At work I sometimes make radio packages. I work on a daily current affairs programme so it’s important to be able to do it at speed – normally I have about 90 minutes to create something. If you want to include the right music and sound effects, need to find different elements to go into it (such as a vox pop – which might take a bunch of time in itself), and, vitally, get the scripting, accuracy, editorial message and delivery right…90 minutes isn’t that long.
I’ve answered many questions in the past about my methods for churning stuff out at speed – including yesterday when I made a short package about the Higgs Boson. I’ve written some thoughts down, so below are my top five tips for speed-packaging.
Top Five Tips in Brief!
Perhaps you’re making a speed-package right now in which case this post is too late. But in the name of brevity – here’s a summary of my top five before a longer explanation below:
- Get ready to speed-package NOW – bookmark your favourite websites for sound effects and audio production music.
- Take a breath, gather your thoughts. You don’t have long to make this package but spend a few minutes learning your subject and knowing what you might like to include in it.
- Do a very quick storyboard and write a script. Use bullet points to map out the messages you want to convey and what other audio or clips you’ll want to use. Then flesh it out with a script.
- Learn to edit well. Before you have to make a package quickly make sure you’re half-decent at audio editing.
- Have a voice-recording device available NOW! Have a smartphone in your possession that you can record good audio with and know how to use it.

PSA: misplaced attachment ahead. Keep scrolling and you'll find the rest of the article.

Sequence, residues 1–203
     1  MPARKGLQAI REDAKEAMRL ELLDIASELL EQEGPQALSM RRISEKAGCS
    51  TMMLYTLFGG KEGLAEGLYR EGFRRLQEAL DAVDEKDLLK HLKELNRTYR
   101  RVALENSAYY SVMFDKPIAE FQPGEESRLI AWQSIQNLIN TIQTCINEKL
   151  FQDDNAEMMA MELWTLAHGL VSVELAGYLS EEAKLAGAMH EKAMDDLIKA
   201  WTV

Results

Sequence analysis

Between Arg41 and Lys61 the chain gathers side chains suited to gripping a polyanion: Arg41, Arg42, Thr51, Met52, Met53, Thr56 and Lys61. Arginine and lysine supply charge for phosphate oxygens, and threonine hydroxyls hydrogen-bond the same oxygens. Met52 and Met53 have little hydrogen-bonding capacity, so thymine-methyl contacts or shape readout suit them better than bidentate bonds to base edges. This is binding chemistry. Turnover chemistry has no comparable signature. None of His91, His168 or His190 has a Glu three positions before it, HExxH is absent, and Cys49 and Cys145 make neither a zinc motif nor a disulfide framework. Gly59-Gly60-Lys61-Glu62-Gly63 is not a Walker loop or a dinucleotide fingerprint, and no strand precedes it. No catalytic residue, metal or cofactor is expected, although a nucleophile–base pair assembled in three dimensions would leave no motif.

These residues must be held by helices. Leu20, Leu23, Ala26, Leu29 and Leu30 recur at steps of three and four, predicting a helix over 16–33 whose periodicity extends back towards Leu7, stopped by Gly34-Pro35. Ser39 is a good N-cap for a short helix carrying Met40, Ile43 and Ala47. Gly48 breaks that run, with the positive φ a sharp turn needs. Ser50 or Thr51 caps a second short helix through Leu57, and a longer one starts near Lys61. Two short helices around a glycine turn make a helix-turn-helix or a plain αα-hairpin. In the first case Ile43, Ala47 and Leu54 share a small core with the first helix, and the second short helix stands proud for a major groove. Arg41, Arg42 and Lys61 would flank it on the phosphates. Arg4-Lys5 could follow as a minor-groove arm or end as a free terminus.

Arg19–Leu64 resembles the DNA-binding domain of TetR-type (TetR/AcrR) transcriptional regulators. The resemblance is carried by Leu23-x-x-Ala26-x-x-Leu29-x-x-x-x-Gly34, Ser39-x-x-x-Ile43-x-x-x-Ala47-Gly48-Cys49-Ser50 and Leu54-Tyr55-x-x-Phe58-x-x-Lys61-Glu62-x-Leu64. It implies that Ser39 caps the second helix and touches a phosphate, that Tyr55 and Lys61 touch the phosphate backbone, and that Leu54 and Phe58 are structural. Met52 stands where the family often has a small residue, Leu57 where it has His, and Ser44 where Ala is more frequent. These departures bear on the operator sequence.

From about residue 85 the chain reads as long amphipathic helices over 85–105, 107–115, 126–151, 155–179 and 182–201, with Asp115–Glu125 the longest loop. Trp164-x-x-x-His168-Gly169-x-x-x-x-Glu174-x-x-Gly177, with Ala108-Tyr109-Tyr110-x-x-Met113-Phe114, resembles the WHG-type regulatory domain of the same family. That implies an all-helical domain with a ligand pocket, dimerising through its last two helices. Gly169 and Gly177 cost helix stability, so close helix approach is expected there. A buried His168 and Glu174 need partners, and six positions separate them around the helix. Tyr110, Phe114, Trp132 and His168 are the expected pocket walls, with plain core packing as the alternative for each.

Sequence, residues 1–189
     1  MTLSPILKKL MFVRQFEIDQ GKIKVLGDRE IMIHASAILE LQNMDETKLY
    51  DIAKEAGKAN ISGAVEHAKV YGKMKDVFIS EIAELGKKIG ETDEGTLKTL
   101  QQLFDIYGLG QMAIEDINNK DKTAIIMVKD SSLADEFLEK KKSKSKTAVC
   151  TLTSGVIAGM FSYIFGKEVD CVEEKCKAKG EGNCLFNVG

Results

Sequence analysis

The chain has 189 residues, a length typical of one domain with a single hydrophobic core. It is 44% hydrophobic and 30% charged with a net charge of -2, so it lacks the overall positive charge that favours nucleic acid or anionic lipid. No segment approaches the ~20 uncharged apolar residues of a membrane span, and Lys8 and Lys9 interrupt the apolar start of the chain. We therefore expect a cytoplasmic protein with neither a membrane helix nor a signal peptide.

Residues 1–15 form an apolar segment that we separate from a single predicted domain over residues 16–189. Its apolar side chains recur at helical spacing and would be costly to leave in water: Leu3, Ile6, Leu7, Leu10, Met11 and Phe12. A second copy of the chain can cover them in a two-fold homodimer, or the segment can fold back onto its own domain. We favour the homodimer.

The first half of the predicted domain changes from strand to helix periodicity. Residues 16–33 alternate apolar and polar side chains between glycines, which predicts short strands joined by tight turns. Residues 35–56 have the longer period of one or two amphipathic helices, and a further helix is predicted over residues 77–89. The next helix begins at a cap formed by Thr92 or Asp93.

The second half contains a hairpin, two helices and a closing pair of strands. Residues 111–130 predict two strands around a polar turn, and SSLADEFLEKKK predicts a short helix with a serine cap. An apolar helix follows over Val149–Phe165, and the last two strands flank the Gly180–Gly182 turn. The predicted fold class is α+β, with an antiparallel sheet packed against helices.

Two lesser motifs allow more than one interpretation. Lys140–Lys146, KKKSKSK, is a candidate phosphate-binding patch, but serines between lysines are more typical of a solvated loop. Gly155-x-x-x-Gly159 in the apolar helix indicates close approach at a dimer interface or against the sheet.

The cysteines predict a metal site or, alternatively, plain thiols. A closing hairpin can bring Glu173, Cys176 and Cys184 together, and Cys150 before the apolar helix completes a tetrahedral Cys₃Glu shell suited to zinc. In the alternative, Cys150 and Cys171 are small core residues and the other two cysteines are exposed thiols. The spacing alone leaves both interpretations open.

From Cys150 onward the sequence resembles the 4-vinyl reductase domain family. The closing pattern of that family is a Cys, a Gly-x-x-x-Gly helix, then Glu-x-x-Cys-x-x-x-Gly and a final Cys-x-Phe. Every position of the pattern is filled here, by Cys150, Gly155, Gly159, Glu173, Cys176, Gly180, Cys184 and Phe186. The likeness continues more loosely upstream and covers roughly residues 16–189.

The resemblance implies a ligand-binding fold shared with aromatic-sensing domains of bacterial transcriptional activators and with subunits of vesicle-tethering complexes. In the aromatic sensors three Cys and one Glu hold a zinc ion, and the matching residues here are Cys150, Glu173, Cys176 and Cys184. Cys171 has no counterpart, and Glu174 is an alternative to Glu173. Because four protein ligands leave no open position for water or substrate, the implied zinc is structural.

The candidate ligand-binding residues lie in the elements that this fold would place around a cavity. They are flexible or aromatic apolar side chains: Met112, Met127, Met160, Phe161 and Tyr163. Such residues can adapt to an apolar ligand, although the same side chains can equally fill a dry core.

1. Get ready to speed-package NOW!
Creating something like the package I posted above – at speed – requires being set up and ready to do so. You need a bunch of things already in place, and this is useful both for making packages quickly and for producing radio in general. There are a couple of pretty key things below – look to point 5 for more thoughts.
“Ok! I need to make a comedy package about a donkey! Right – I need to find a good donkey sound effect.” *Fifteen minutes later…* “I can’t find a good donkey sound effect!”.
You can waste an awfully long time looking for the right sound effect. I’ve collected together a half-decent sound effects library over time, and I make sure it’s always to hand. Do the same – when you use or hear a good sound effect try to grab it for your own FX collection. You can also buy sound effects CDs which is often the simplest way to get everything you might need, and there are also free sound effects websites such as findsounds.com which can be a bit sketchy at times but invaluable at others.
If you work in radio hopefully you have pretty decent access to popular commercial music. But ‘production music’ is often just what your package needs. If you’re making a package about aliens – please don’t use the X-Files theme tune. Instead, get on a production music website and just find something nice and spooky to score your package with. In the package I posted above I used music from westonemusic.com – but there are loads of sites just like this. Google it and explore! If you sign up to these sites and learn how to download the tracks and logging details – you’re ready to very quickly grab music for any occasion when the need arises.
2. Take a breath, gather your thoughts.